Attorney General Rosenblum announced today a $438.5 million agreement between JUUL Labs and 34 states and territories resolving a two-year bipartisan investigation into the e-cigarette manufacturer’s marketing and sales practices. In addition to the financial terms, the settlement forces JUUL to comply with a series of strict injunctive terms severely limiting their marketing and sales practices. Oregon will receive $18.8 million in the settlement but could receive up to $20.5 million if JUUL extends the payment schedule. Attorney General Rosenblum co-led the investigation with the Attorneys General of Connecticut and Texas.
“The conduct that led to this settlement was reprehensible and demonstrates pure corporate greed at its most damaging,” said Attorney General Rosenblum. “Just when we were starting to make serious progress reducing tobacco use among our young people, JUUL came along and hooked another generation. They intentionally targeted kids with slick and misleading ads to get them hooked on their nicotine products. The cost to society and the public health consequences are enormous and devastating.”
Until recently JUUL was the dominant player in the vaping market. The multistate investigation revealed that JUUL willfully engaged in an advertising campaign that appealed to youth, even though its e-cigarettes are both illegal for them to purchase and unhealthy for children. The investigation found that JUUL relentlessly marketed to underage users with launch parties, advertisements using young and trendy-looking models, social media posts and free samples. It marketed a technology-focused, sleek design that could be easily concealed and sold its product in attractive flavors. JUUL also manipulated the chemical composition of its product to make the vapor less harsh on the throats of the young and inexperienced users. To preserve its young customer base, JUUL relied on age verification techniques that it knew were ineffective.
The investigation further revealed that JUUL’s original packaging was misleading and did not clearly disclose that it contained nicotine and implied that it contained a lower concentration of nicotine than it did. Consumers were also misled to believe that consuming one JUUL pod was the equivalent of smoking one pack of combustible cigarettes. The company also misrepresented that its product was a smoking cessation device without FDA approval to make such claims.
The states are in the process of finalizing and executing the settlement documents, a process that takes approximately 3-4 weeks. The $438.5 million would be paid out over a period of six to ten years, with the amounts paid increasing the longer the company takes to make the payments. If JUUL chooses to extend the payment period up to ten years, the final settlement would reach $476.6 million.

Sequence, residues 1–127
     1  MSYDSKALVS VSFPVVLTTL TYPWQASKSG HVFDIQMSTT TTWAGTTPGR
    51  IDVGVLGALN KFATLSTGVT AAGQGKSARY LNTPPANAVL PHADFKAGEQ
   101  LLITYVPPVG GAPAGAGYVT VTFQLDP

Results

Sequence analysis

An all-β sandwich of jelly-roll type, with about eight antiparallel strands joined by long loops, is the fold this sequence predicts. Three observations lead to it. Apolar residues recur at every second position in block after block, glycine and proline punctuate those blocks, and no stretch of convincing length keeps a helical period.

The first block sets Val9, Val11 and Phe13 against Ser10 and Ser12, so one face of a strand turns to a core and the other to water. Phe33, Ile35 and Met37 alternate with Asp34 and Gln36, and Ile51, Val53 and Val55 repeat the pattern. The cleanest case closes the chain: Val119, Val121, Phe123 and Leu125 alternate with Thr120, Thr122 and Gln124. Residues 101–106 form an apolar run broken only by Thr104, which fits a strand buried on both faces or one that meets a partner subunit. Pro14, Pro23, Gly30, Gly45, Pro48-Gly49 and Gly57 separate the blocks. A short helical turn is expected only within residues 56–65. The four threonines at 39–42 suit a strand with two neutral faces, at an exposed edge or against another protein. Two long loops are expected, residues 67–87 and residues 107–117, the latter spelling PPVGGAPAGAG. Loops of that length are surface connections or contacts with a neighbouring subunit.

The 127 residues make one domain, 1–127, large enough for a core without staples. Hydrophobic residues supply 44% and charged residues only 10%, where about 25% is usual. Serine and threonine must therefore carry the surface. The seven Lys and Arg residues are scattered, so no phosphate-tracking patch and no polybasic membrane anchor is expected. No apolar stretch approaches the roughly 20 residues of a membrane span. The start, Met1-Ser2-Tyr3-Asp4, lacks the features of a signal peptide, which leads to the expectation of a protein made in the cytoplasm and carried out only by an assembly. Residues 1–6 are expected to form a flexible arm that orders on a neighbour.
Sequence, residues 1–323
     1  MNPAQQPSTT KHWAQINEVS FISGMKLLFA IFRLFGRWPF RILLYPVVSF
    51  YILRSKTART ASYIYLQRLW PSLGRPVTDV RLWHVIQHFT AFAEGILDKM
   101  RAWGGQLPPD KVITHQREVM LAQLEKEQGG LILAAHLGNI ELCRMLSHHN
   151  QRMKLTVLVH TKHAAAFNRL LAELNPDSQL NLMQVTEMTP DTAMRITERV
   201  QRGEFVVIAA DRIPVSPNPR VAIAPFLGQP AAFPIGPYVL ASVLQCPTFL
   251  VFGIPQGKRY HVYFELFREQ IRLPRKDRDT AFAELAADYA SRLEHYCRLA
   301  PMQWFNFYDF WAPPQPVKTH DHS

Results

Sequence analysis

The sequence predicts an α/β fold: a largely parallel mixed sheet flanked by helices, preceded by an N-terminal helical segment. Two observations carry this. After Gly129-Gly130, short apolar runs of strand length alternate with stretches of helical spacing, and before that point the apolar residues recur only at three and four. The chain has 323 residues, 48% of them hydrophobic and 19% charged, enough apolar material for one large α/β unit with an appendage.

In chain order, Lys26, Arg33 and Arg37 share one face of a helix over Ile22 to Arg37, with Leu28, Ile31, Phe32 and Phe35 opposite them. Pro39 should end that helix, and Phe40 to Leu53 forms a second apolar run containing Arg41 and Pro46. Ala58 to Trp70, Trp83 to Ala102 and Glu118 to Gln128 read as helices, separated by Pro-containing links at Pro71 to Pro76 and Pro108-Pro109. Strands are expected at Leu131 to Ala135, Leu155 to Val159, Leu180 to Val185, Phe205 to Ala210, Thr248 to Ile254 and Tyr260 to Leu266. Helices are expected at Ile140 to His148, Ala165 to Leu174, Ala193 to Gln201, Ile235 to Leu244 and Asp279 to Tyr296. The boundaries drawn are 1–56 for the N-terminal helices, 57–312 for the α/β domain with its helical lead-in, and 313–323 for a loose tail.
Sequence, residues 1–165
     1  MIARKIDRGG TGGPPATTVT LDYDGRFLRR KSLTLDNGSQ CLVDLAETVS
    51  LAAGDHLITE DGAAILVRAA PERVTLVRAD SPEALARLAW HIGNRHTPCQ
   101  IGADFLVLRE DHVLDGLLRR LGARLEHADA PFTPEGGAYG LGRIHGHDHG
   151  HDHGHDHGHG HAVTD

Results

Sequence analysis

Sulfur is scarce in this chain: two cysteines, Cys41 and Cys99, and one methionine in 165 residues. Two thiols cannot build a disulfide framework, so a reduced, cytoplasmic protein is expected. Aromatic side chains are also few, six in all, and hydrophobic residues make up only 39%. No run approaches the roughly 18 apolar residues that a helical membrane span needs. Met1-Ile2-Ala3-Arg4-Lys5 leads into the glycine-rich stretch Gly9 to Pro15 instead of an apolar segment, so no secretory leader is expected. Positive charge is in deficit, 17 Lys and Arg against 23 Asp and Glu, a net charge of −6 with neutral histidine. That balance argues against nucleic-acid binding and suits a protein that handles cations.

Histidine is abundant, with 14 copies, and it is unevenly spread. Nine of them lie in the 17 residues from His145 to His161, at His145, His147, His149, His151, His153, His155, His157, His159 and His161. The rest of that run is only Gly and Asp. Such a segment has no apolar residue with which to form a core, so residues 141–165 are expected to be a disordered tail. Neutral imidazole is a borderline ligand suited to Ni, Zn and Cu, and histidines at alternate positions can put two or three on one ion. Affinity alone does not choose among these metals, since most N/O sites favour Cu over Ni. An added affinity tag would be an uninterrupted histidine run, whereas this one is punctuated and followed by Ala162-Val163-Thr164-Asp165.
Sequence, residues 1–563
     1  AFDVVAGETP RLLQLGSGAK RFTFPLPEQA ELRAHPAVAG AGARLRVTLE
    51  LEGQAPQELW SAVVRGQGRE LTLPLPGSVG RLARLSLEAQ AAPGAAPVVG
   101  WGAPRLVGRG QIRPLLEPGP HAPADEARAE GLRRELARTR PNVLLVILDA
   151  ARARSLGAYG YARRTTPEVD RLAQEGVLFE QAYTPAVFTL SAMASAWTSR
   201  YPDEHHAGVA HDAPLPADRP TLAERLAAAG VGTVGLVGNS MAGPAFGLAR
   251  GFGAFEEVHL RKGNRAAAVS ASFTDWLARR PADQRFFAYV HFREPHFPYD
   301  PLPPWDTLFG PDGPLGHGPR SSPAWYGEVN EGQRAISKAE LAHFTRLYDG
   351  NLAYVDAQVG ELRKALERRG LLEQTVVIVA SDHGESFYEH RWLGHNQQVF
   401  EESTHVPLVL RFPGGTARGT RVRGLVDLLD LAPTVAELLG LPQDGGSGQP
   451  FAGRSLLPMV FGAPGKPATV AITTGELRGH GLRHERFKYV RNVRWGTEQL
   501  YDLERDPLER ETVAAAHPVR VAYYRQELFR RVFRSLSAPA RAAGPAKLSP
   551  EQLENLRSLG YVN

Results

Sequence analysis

“Hopefully, this settlement will provide states with needed resources to help young people stop using e-cigarettes and will prevent future generations from being targeted with slick marketing tactics like those used to attract youth to JUUL’s products,” Rosenblum added.
As part of the settlement, JUUL has agreed to refrain from:
- Youth marketing
- Funding education programs
- Depicting persons under age 35 in any marketing
- Use of cartoons
- Paid product placement
- Sale of brand name merchandise
- Sale of flavors not approved by FDA
- Allowing access to websites without age verification on landing page
- Representations about nicotine not approved by FDA
- Misleading representations about nicotine content
- Sponsorships/naming rights
- Advertising in outlets unless 85 percent audience is adult
- Advertising on billboards
- Public transportation advertising
- Social media advertising (other than testimonials by individuals over the age of 35, with no health claims)
- Use of paid influencers
- Direct-to-consumer ads unless age-verified, and
- Free samples.
The agreement also includes sales and distribution restrictions, including where the product may be displayed/accessed in stores, online sales limits, retail sales limits, age verification on all sales, and a retail compliance check protocol.
In addition to this multi-state investigation with JUUL, Attorney General Rosenblum last year successfully championed the Oregon legislature to close an important loophole that allowed underage Oregonians to purchase vaping products over the internet.
The investigation was led by Connecticut, Texas, and Oregon, and joined by Alabama, Arkansas, Connecticut, Delaware, Georgia, Hawaii, Idaho, Indiana, Kansas, Kentucky, Maryland, Maine, Mississippi, Montana, North Dakota, Nebraska, New Hampshire, New Jersey, Nevada, Ohio, Oklahoma, Oregon, Puerto Rico, Rhode Island, South Carolina, South Dakota, Tennessee, Texas, Utah, Virginia, Vermont, Wisconsin, and Wyoming.